On May 27th the Federal Court (the “Court“) released its decision in Chen v. Canada (Public Safety and Emergency Preparedness), (2010 FC 584) (“Chen“). The decision involves a unique situation of someone who was sponsored by a wife who was pregnant with her lover’s baby.
Mr. C, a Chinese citizen, married Ms. Z, a Canadian Resident. She then sponsored him for permanent residence. While Mr. C was awaiting his papers, a friend told him that his wife had been seen “in the company” of another man in Toronto.
When Mr. C arrived in Canada, he found his wife pregnant with another man’s child. According to Justice Harrington,
He was willing to forgive, and asked her to get an abortion. She refused. On many occasions she made sexual overtures to him but he was both unwilling and unable to perform. She taunted his lack of manhood. (Paragraph 5)
As one would expect, the marriage shortly dissolved thereafter.
After the divorce, Mr. C married an old flame in China. He then attempted to sponsor her. Unfortunately for him, Canadian immigration authorities not only disallowed this second application, but also declared him inadmissible to Canada for misrepresentation in the first application. Essentially, the Canada Border Services Agency (“CBSA“) alleged that Mr. C’s first marriage to Ms. Z was not genuine, that Mr. C lied to enter Canada, and that his permanent residency should be revoked. Specifically, the CBSA was suspicious because Mr. C did not have a wedding reception upon arriving in Canada, he did not confront his wife about the rumours before he left China, and he did not return to China once his marriage to Ms. Z dissolved.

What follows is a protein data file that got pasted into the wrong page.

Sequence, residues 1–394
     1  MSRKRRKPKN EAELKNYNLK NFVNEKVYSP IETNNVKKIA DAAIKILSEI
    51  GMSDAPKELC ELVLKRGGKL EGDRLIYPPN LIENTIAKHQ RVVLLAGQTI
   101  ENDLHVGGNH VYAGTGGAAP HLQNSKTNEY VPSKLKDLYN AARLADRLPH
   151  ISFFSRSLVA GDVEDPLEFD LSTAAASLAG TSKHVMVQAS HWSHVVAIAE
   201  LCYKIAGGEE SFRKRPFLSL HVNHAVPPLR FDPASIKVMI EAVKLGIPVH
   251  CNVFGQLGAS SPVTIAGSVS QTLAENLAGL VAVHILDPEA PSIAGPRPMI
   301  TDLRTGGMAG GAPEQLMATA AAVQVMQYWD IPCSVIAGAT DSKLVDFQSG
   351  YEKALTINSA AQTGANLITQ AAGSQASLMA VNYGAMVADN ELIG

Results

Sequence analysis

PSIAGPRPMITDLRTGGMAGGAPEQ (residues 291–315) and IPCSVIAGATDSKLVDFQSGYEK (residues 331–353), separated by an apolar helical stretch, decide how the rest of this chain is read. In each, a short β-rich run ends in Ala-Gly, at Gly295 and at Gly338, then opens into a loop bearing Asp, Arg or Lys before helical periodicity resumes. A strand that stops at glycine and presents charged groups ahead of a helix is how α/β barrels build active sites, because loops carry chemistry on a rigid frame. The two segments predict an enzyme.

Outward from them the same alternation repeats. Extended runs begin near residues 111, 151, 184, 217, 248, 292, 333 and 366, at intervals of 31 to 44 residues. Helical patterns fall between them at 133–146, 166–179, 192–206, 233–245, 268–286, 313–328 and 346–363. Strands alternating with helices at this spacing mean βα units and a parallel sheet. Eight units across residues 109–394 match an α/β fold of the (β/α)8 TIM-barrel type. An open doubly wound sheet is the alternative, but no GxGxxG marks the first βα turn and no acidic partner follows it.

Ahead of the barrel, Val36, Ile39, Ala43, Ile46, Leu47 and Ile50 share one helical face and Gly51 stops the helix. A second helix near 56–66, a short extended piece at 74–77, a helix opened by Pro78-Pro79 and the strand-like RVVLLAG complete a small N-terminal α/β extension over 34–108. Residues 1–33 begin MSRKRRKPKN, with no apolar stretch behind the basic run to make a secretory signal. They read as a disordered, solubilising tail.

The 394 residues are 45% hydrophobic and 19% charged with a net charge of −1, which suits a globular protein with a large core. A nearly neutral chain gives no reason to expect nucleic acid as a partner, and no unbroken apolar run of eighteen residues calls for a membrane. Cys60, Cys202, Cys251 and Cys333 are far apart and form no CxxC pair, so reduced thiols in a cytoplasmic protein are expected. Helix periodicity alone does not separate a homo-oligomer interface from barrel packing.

The Court, however, noted that in determining whether a marriage is genuine for the purposes of immigration, one has to consider whether the marriage was genuine in the first place, and whether it was still genuine when the Applicant arrives at a Canadian port of entry.
Regarding Mr. C’s failure to disclose to the interviewing officer the possibility of Ms. Z having an affair, the Court noted that at the time of the interview Ms. Z having an affair was only a rumor, and that the duty of candour did not oblige Mr. C to share mere worries.
Regarding Mr. C’s failure to go back to China after the dissolution of his marriage, Justice Harrington noted that:
As to not immediately returning to China when the marriage broke down, he said that as a cuckold he would be the laughing stock of his village. There was no evidence to contradict that statement.
Chen might not set any broad new legal precedents. However, it is a good illustration of the parameters of the duty of candour that all applicants face in their applications to enter and/or immigrate to Canada.